The bill also heightens the penalties on straw purchases from a fourth to a second-degree felony, with a two-year mandatory minimum sentence. Dolan’s proposal would also add a question about whether a purchaser is receiving assistance like SNAP benefits. He argued people prey on SNAP recipients to get their hands on guns unlawfully. He believes asking about benefits on the form could be a disincentive for straw purchasers.

Gun buyers between 18 and 21 would need a co-signer older than 25 under Dolan’s proposal and he even brought back Governor Mike DeWine’s seller protection certificate. The governor offered the idea as part of his STRONG Ohio gun package. Rather than requiring universal background checks, he proposed a convoluted structure where purchasers voluntarily pay to background check themselves and then provide a certificate to the seller.

Funding & fears

In general, GOP lawmakers are loath to back legislation that even hints at new restrictions on gun owners. Dolan’s original proposal was particularly notable coming from a high-ranking Republican.

But Dolan’s idea also stood out because it came on the heels of a breakthrough compromise in the U.S. Senate. That law, the Bipartisan Safer Communities Act, earmarks $750 million to help states set up red flag systems.

Instead of attempting to tap those funds, Dolan’s proposal asks for $175 million in American Rescue Plan dollars to pay for mental health training and new regional healthcare crisis centers. As he described it, the approach will increase the number and distribution of mental health workers. The crisis centers in particular, he argued, would relieve pressure on jails who are ill-suited and ill-equipped to treat people in mental health crisis.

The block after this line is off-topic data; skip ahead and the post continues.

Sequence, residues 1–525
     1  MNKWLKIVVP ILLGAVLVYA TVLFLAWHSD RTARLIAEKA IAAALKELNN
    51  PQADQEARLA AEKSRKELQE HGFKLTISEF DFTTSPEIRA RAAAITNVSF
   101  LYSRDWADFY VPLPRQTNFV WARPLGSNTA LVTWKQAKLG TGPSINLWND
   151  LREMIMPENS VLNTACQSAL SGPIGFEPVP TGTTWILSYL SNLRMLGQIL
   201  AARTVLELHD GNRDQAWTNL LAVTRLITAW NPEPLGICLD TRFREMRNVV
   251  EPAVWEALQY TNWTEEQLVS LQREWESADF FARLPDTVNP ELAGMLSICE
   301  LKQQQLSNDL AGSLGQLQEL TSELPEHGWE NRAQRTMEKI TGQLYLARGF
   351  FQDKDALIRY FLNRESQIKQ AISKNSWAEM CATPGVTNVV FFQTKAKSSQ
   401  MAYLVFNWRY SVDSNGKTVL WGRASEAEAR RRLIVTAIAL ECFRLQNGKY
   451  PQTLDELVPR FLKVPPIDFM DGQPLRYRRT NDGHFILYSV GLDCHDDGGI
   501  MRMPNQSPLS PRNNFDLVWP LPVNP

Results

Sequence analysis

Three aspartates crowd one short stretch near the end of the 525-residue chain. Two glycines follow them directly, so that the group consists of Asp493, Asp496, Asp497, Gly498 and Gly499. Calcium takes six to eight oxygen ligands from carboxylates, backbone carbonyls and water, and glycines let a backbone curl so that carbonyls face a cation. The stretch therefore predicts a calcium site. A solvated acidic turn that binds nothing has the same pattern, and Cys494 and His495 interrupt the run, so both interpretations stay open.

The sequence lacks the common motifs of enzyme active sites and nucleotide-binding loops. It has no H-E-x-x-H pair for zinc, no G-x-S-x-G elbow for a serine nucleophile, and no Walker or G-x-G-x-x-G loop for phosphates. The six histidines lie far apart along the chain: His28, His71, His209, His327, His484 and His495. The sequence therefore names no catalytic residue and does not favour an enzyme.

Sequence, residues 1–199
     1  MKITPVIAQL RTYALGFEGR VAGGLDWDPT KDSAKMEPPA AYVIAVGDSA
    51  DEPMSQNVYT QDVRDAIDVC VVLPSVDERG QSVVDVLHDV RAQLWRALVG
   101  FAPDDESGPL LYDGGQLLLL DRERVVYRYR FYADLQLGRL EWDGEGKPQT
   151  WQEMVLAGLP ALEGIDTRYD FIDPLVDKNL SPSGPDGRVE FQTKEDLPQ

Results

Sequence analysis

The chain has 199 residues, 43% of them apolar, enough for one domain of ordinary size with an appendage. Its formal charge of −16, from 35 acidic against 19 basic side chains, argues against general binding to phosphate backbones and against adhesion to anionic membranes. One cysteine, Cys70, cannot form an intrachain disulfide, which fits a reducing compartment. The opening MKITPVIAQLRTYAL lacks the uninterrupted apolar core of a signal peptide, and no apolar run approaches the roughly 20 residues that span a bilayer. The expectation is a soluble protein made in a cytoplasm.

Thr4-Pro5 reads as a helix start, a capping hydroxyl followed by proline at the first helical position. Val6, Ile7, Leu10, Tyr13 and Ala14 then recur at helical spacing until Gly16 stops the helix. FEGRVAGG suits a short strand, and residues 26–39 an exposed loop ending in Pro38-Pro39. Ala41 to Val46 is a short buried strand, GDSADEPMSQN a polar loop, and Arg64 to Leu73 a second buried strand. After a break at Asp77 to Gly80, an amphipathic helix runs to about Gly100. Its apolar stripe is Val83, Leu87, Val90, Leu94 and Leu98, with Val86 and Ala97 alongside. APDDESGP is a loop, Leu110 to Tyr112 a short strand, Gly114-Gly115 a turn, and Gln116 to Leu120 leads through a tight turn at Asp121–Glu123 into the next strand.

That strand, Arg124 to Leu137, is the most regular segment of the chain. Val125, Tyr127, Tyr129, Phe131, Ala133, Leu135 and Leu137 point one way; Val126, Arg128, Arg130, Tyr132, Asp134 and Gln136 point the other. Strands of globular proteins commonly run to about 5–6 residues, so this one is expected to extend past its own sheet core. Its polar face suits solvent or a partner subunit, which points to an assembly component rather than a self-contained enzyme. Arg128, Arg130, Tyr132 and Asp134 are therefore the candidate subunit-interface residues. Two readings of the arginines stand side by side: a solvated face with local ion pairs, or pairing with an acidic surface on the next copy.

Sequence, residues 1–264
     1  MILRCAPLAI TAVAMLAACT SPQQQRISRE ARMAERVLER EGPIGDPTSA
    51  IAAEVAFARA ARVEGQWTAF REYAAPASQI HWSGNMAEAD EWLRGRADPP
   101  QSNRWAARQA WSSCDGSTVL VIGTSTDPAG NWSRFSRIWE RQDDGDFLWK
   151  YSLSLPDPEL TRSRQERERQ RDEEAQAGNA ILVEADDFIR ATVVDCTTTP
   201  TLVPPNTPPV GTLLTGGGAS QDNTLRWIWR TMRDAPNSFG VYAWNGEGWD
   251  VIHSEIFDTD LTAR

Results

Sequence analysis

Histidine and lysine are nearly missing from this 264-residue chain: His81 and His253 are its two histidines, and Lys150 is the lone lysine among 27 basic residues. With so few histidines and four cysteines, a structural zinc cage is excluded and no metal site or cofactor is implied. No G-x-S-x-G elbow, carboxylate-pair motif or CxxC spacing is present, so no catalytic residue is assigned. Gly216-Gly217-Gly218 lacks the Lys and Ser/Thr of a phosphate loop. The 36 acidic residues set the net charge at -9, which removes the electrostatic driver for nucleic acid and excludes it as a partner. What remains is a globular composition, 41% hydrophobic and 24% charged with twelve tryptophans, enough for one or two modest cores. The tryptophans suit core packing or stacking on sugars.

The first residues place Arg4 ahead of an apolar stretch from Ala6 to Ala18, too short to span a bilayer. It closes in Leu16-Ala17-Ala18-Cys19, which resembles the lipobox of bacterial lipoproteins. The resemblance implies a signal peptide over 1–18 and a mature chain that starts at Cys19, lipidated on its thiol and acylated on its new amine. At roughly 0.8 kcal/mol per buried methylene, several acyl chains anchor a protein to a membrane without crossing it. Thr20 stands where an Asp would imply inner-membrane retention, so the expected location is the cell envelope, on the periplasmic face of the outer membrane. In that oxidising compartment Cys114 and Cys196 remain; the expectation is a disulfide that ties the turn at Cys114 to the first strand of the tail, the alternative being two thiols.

Still, the fears about new gun restrictions remain. Chris Dorr rolled his eyes theatrically as Dolan explained his measure is “about public safety.” Dorr heads up the gun rights absolutist group Ohio Gun Owners. Shortly after the hearing he was live streaming on rumble from the rotunda.

“There’s some idiots out there who’ve been saying stuff like this isn’t really red flag — it’s red flags on steroids,” he told his audience, urging them to click a link to contact their lawmakers.

In committee, though, Dolan was at pains to emphasize the balance between protecting public safety and gun owners’ rights. He even quoted Supreme Court Justice Antonin Scalia’s opinion in Heller, which granted an individual right to bear arms. “It is not a right to keep and carry any weapon whatsoever in any manner whatsoever and for whatever purpose,” Scalia wrote about Second Amendment rights.

Dolan insisted, “The Second Amendment is not in any way violated by this bill.”

“This bill works on the laws that we already have in Ohio. This bill works on the concept that we’ve already accepted in Ohio. That there are certain levels that if you have those characteristics, those traits, those facts, you shouldn’t get a gun.”

Read more from the Ohio Capital Journal